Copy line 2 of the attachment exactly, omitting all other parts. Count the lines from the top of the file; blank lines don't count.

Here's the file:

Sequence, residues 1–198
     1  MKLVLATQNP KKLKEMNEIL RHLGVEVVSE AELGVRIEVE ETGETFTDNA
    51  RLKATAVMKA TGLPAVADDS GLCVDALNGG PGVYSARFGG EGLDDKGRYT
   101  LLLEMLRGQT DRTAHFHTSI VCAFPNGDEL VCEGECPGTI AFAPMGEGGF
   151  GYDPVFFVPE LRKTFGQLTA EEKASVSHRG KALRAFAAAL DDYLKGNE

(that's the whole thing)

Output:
     1  MKLVLATQNP KKLKEMNEIL RHLGVEVVSE AELGVRIEVE ETGETFTDNA